Human Revolution’s Failure to be Revolutionary
Rowan Kaiser takes a critical look at Deus Ex: Human Revolution and asks what made the original Deus Ex revolutionary, and looks at the reasons that held Human Revolution back.
Deus Ex: Human Revolution isn't a special game. Don't get me wrong, it's a good game, even a great game. But it's not special, not like the original Deus Ex, not at the level where I expect it to receive any “Best Game Ever” consideration. It's because Human Revolution is a Hollywood adaptation, or at least its AAA game equivalent. The history of film is littered with adaptations and remakes that lose the power of the original. It's rare if not impossible to find popular novels, adapted for the screen, whose fans say “the movie is better!” Or there's the foreign film which loses meaning through translation. This is Human Revolution, a remake of a classic that has the rough edges shaved off for mass, not cult, consumption.
Storyline is the most apparent venue for these changes. The original Deus Ex had a conspiracy, filled with twists, turns, and revelations on its surface, and Human Revolution does include those things as well. But the conspiracy was only part of the story. In a broader sense, Deus Ex was about the need for limitations of power. At the end of the first mission, your character, J.C. Denton, confronts a freedom fighter/terrorist fighting against the United States and United Nations. A long conversation ensues, where Denton attempts to convince the terrorist he's in error, but the “terrorist” has pile of facts and evidence about how and why the government has become correct. They aren't just compelling arguments, on both sides, in the context of the game – Denton will soon switch sides – but they're reasonably compelling arguments outside of the game.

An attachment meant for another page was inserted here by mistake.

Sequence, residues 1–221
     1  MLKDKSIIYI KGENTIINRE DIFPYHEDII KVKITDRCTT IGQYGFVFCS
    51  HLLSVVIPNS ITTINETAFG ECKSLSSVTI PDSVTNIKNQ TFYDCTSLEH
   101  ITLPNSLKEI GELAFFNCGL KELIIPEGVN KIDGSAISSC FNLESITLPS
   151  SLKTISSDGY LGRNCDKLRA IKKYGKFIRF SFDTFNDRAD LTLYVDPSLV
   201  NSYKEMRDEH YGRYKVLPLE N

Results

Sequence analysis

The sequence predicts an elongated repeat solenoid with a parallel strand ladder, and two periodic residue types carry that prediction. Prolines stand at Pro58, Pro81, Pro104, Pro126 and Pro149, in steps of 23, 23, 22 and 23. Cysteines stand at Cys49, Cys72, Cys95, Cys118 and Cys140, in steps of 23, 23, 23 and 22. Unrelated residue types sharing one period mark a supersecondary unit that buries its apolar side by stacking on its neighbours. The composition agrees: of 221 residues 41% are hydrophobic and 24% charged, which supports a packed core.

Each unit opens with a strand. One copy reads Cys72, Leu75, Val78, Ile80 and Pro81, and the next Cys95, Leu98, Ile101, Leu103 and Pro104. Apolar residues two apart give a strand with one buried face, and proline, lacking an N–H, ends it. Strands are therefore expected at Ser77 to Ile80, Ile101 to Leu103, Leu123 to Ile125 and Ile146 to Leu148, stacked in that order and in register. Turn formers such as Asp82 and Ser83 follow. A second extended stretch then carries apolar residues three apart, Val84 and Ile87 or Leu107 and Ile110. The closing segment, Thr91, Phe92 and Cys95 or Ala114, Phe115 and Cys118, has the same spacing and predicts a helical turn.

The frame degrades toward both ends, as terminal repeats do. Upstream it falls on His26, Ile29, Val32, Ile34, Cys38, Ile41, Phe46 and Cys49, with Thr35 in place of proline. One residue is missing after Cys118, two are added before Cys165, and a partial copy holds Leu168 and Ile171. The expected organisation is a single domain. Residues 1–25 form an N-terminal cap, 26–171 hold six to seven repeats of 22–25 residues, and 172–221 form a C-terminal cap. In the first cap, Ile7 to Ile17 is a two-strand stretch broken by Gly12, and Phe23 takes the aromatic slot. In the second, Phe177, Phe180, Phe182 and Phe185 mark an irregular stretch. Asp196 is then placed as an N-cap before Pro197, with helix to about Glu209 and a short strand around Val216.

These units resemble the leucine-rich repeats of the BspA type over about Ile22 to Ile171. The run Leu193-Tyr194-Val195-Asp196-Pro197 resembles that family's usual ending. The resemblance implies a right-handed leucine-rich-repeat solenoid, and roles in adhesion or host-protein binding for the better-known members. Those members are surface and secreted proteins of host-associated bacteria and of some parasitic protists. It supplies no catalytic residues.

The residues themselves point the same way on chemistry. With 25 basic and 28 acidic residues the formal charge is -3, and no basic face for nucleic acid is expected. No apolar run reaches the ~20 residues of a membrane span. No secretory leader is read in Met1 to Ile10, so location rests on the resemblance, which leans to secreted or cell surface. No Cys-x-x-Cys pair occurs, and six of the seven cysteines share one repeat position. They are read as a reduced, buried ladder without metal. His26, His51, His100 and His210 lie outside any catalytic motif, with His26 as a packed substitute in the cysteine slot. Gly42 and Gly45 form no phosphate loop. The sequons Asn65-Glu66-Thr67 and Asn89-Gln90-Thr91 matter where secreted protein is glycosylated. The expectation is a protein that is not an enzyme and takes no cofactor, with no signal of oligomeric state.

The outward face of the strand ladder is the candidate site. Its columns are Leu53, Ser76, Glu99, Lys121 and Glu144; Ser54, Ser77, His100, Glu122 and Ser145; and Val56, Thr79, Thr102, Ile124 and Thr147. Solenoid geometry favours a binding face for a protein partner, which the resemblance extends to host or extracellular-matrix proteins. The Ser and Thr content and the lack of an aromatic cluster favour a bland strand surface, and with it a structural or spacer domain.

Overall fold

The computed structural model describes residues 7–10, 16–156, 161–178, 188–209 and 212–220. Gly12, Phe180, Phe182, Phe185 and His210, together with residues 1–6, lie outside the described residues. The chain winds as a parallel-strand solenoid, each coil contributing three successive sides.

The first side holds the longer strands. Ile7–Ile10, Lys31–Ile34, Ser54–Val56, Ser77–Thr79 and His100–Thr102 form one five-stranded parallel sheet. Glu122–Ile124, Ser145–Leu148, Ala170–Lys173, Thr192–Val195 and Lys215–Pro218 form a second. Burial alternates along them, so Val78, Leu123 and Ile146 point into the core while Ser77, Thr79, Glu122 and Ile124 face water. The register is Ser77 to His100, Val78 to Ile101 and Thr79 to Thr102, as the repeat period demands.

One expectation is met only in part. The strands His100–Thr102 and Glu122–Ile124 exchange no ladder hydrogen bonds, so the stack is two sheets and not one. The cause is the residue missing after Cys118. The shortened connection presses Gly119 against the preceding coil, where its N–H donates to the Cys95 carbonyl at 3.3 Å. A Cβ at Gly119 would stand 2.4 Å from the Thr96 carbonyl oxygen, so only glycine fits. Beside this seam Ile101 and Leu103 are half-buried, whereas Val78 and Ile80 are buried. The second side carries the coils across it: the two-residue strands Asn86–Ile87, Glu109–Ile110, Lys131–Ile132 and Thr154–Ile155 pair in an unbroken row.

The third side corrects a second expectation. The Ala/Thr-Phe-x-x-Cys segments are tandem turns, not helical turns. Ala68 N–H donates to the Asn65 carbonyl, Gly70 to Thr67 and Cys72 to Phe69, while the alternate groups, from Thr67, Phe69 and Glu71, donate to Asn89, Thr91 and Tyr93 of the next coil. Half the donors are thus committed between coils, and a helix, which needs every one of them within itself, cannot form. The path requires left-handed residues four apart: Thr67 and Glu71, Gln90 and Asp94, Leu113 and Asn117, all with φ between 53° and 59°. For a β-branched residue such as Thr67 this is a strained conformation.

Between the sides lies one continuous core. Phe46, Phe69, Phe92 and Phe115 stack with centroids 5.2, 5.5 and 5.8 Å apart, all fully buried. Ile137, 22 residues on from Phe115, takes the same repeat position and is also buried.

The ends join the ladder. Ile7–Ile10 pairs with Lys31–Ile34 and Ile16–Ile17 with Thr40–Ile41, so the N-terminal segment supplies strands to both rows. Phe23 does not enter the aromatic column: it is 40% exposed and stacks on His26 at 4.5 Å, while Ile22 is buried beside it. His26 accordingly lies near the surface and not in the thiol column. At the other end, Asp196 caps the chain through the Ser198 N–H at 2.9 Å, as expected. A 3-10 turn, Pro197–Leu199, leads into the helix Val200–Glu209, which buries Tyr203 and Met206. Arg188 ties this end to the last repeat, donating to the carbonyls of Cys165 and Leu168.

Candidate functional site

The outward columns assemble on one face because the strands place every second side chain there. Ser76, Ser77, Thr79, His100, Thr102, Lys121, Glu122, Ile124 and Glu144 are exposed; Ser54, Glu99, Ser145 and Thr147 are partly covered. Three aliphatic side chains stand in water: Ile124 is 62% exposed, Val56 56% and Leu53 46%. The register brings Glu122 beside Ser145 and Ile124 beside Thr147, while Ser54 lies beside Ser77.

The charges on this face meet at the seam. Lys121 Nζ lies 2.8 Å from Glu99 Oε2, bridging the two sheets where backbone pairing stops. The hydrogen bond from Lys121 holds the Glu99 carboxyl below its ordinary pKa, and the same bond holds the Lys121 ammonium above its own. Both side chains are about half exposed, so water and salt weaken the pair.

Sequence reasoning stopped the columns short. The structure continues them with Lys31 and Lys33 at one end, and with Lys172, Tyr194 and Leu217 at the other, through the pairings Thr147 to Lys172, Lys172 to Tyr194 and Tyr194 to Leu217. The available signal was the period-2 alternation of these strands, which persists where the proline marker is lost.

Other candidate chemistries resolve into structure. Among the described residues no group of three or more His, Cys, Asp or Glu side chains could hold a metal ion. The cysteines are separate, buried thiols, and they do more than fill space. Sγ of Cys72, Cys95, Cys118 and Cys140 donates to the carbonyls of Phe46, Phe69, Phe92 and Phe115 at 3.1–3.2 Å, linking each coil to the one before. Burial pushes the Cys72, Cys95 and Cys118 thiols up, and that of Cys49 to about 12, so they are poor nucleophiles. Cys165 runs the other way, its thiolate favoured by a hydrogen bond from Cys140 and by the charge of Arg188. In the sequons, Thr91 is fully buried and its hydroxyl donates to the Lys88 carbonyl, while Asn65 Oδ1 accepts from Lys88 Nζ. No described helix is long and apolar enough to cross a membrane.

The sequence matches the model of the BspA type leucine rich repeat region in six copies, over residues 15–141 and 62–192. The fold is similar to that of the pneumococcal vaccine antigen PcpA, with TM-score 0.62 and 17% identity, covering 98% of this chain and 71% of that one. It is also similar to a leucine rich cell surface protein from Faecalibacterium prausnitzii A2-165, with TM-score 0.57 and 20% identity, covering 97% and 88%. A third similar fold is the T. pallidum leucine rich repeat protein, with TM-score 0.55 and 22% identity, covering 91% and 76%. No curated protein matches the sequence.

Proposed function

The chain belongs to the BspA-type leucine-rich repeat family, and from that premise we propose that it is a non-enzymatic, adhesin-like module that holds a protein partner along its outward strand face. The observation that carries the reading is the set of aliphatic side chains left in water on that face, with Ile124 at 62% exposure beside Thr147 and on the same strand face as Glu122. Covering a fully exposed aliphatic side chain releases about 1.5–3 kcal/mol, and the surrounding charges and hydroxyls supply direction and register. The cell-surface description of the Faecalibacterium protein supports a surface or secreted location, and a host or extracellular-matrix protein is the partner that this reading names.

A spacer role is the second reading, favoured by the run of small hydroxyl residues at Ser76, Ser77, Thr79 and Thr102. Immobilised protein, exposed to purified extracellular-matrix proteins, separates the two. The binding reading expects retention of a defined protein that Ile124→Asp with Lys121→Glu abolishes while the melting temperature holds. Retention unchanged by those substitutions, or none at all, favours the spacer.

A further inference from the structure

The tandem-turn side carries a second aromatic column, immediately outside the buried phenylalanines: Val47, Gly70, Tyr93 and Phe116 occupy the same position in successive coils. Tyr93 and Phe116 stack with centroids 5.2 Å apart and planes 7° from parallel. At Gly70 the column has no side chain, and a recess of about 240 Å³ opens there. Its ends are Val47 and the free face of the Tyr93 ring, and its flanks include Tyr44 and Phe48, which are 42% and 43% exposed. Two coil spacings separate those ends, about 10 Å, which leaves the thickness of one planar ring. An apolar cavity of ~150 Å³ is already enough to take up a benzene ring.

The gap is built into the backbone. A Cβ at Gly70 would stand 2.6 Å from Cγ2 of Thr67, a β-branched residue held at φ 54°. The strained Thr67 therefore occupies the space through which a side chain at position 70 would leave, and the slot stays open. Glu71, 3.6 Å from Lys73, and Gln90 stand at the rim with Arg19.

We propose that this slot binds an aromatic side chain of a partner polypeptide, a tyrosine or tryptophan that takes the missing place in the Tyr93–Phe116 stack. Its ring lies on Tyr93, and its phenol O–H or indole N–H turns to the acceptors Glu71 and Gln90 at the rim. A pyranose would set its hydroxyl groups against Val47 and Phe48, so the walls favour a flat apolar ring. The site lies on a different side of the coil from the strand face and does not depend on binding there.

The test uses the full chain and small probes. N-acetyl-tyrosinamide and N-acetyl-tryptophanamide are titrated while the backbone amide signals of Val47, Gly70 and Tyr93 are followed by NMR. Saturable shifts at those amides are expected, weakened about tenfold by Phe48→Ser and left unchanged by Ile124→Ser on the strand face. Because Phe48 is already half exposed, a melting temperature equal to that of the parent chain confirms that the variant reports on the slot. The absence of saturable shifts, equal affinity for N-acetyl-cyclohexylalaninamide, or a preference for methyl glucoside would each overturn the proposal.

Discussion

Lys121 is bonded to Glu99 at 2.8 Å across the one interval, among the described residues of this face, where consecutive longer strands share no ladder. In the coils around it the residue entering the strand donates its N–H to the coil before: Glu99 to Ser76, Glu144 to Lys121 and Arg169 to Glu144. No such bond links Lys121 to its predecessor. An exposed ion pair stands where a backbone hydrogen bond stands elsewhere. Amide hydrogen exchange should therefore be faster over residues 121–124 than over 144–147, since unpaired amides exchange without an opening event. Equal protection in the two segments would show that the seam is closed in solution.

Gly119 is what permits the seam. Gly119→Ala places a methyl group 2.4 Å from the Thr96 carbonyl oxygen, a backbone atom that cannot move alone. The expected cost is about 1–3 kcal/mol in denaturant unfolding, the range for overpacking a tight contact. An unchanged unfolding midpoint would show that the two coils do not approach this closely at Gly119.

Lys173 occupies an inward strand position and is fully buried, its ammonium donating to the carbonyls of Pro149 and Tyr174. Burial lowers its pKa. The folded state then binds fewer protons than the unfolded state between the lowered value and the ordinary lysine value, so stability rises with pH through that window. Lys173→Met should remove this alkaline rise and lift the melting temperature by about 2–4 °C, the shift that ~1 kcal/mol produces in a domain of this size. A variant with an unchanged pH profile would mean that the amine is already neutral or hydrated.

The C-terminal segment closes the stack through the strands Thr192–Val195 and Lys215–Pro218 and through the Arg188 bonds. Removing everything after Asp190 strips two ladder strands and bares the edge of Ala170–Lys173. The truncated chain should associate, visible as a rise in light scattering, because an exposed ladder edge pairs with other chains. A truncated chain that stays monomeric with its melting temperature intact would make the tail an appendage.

I remember when I played Deus Ex and discussed it online. One person I knew was raving about how it, more than any other game he'd played, espoused “right-wing” philosophy. This confused me, because in the heat of the 2000 presidential campaign, the philosophies discussed by Deus Ex didn't seem to me to be coming from the right and George W. Bush, but they seemed to be coming from the far left, via Ralph Nader. We were both right, of course – Deus Ex offered the kind of anti-authoritarian critique of politics not consistently found in mainstream politics, but common on the supposed fringes of acceptable discourse. But where Deus Ex used a conspiracy storyline to make a larger point about the corrupting nature of centralized power, Human Revolution seems content to use its conspiracy to say nothing more than that evil corporations are evil.
It is not simply at the political level where Human Revolution lacks the personality of its predecessor. The original Deus Ex was special in two ways: its politically charged plot, yes, but also its successful adaptation of Fallout-style RPG character development in a first-person shooter. The Fallout model of character development is that the game facilitated multiple different ways to overcome obstacles – combat, speech, stealth, hacking. If you wanted to play a speedy melee ninja in Deus Ex? You could. Likewise, if you wanted to sneak around most every confrontation, this was also possible. Human Revolution, like both Deus Ex and Invisible War before it, allows this freedom of choice.